Some notes on performing date calculations in Bash scripts using the formatting abilities of the date command.

The data command performs two functions: setting the system time and printing a time value using a given format. Using the formatting ability we can perform date manipulation to do things like generate timestamps, calculate durations, detect timestamps that fall within a range, and more.

Consider a simple task manager. For each task we want to record sessions which have a start time and a duration. The start time is recorded in seconds since the Unix Epoch (1970-01-01 00:00:00 UTC) and the duration is the seconds elapsed between the start and end of the session.

We use date’s %s format to get the current time in Epoch seconds

# Get the session start time
START_SECS=$( date +%s )
# Eg., $START_SECS=1318739079

# Sleep for 5 seconds
sleep 5

# Get the session elapsed time
DURATION=$(( $(date +%s) - $START_SECS ))

By default the date command shows the current time. An specific time can be provided using the --date=STRING option. As the date manpage says the STRING "is a mostly free format human readable date string". By combining with the format option, we can transform dates from one format to another.

# Convert a date string (in the default format) to Epoch seconds
date --date="Sun Oct 16 15:34:27 EST 2011" +%s
# 1318739667

The --date string can handle various combinations of day, month, year such as ‘16 Oct 2011’ or ‘2011-10-16 UTC’. It can also interpret terms such as ‘next’ and ‘last’, units of time (‘day’, ‘week’, ‘month’, etc.), the days of the week (‘monday’, ‘tuesday’, etc.) and the relative days ‘yesterday’ and ‘tomorrow’. You can combine multiple terms and the date command will perform the date arithmetic for you.

# The empty string returns the start of today
date --date=""
# Sun Oct 16 00:00:00 EST 2011

# Get relative times

date --date="1 day ago"
date --date="-1 day"
date --date="yesterday"
date --date="last day"
# Sat Oct 15 15:38:26 EST 201

date --date="1 day"
date --date="+1 day"
date --date="tomorrow"
date --date="next day"
# Mon Oct 17 15:39:44 EST 2011

date --date="tomorrow +1 day"
date --date="2 day"
date --date="+2 day"
# Tue Oct 18 15:41:35 EST 2011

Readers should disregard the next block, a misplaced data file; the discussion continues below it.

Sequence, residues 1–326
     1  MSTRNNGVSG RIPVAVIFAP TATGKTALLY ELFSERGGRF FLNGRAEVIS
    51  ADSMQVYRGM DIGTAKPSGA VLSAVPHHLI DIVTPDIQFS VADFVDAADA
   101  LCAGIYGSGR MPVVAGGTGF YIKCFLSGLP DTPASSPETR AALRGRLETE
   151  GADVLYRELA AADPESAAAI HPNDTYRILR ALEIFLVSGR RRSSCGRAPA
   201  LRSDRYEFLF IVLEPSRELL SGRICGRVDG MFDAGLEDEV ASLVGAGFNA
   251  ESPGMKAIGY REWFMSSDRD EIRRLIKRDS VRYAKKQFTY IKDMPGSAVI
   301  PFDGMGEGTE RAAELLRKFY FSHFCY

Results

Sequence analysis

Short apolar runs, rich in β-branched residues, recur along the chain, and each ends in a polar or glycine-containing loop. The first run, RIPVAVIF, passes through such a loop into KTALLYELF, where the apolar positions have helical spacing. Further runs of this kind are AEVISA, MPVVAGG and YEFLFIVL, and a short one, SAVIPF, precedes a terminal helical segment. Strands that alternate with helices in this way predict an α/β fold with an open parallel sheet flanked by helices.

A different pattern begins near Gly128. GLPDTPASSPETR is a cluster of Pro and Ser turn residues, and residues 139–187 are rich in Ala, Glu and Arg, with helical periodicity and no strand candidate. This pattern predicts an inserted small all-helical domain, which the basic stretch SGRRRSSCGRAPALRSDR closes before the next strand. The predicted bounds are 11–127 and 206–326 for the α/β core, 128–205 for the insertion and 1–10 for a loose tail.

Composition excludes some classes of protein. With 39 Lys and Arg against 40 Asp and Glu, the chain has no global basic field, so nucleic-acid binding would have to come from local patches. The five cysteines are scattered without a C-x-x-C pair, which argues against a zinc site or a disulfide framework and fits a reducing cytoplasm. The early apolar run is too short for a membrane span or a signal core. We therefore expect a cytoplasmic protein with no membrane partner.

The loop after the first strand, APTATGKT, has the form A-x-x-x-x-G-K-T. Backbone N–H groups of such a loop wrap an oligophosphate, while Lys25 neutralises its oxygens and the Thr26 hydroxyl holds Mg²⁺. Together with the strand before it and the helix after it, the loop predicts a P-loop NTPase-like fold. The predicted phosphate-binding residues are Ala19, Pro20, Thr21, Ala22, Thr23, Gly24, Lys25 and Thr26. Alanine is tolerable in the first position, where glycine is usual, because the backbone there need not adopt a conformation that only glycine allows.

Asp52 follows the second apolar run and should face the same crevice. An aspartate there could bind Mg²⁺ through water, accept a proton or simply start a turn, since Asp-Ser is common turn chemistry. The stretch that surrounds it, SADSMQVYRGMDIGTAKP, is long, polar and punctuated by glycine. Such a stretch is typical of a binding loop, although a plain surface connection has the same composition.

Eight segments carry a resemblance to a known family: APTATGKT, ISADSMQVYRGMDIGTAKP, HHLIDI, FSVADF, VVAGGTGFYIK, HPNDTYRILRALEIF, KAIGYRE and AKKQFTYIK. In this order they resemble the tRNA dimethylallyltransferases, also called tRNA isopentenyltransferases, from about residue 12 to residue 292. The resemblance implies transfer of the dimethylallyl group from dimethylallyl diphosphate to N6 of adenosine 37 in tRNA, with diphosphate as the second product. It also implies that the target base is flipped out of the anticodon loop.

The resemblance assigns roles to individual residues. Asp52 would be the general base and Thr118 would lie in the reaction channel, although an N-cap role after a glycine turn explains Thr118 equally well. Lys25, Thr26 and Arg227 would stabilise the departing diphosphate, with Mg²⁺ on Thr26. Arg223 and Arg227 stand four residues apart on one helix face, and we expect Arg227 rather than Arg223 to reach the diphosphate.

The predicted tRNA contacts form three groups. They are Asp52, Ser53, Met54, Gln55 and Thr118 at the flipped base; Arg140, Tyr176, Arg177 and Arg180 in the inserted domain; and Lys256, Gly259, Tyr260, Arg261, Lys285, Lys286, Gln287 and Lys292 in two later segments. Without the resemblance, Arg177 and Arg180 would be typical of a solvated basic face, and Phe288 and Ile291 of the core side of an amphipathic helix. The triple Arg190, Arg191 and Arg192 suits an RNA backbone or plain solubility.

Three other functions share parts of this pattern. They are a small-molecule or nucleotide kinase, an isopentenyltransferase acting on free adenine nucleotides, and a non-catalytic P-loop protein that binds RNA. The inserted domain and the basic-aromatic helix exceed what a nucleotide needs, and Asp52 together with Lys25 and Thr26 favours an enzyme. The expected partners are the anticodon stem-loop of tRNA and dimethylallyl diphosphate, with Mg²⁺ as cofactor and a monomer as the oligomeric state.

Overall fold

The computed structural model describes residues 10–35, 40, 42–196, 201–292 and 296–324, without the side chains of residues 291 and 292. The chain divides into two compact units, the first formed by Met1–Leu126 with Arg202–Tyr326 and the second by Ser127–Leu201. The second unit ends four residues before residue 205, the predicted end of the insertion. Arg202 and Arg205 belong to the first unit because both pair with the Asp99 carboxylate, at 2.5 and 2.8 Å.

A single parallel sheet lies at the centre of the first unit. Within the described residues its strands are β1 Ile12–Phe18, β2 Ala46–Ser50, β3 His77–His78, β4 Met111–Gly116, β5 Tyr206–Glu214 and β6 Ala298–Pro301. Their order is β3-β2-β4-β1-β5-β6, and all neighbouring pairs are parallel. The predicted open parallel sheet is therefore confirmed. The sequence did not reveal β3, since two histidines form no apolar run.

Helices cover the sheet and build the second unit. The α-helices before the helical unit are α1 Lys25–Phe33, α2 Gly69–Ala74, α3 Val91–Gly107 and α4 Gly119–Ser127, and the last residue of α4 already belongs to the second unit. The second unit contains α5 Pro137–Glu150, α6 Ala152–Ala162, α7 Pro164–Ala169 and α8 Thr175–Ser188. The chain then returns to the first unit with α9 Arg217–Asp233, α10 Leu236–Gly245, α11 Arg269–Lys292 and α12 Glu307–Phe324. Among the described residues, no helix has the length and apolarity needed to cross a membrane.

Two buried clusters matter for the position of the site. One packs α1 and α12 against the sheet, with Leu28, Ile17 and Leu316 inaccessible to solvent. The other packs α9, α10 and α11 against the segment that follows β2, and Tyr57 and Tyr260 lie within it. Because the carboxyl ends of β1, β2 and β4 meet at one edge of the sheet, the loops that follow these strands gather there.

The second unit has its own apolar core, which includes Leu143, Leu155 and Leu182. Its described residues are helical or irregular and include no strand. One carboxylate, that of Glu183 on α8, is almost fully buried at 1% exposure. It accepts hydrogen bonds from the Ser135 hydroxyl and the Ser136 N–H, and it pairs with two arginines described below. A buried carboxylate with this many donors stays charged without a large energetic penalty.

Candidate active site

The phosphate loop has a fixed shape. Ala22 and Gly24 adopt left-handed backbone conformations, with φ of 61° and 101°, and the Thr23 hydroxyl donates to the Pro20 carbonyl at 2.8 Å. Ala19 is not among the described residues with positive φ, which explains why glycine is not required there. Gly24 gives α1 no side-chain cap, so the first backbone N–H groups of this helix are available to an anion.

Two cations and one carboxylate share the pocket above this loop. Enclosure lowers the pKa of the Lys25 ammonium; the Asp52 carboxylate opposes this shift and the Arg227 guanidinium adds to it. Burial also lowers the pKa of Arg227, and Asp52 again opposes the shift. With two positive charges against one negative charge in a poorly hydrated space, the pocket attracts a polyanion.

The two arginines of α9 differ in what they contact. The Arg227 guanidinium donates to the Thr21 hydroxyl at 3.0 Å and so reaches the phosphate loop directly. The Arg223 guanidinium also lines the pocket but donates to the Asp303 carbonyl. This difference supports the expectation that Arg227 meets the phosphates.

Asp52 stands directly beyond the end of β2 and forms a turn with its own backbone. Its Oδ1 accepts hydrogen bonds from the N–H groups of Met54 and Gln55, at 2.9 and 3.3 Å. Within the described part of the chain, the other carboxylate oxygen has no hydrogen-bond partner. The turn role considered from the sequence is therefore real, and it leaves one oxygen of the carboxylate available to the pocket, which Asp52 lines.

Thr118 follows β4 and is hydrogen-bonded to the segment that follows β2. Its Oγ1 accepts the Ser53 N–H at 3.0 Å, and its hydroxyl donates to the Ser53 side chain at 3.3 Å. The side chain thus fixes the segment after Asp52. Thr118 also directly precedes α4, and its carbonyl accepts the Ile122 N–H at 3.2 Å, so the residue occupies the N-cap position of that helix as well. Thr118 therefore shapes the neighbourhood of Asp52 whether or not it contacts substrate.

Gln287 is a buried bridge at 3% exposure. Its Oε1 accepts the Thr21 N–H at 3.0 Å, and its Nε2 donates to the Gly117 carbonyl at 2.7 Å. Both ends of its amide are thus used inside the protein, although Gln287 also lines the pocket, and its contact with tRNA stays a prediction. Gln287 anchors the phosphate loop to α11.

date --date="2 weeks ago"
# Sun Oct  2 15:42:18 EST 201

date --date="last friday +9 hours"
# Fri Oct 14 09:00:00 EST 2011

One thing the --date option cannot do is interpet a bare Epoch time in seconds. To convert Epoch seconds we need to specify the date relative to the start of the Unix Epoch. This allows Epoch seconds to be converted to some readable date format.

date --date="1318739667"
# date: invalid date `1318739667'

date --date="1970-01-01 UTC +1318739667 sec" +"%a %d-%b-%Y"
# Sun 16-Oct-2011

Putting it all together, say we are storing our task sessions (start time and duration) in an sqlite database. We want to generate a week’s worth of task reports, grouped by day. For each day we want to pull the sessions whose start time lies between the start and end of the day and do some processing, such as calculate the total time spent on the task during that day.

# Week starts on Monday.
# Generate the report for last week.

# Get the report start time in Epoch seconds.
START=$( date --date="last $START_OF_WEEK -$WEEK_OFFSET weeks" +%s )

# Loop for 7 days
for DAY in $( seq 1 7 ); do
    # End of day is start + 1 day's worth of seconds.
    END=$(( $START + 86400 ))

    # Format the start time as a printable date heading
    echo $(date --date="1970-01-01 UTC +$START sec" +"%a %d-%b-%Y")

    # Construct query to retrieve sessions between start (inclusive) and end
    # (exclusive) of the current day.
    SQL="SELECT task,start,duration FROM sessions
         WHERE start >= $START AND start < $END"

    RESULT=$( sqlite3 data.db "$SQL" )

    # Process each line of the result (assumes each line returned by sqlite
    # contains no whitespace).
    for RECORD in $RESULT; do
        # Do something with each record.

    # Advance to the next day.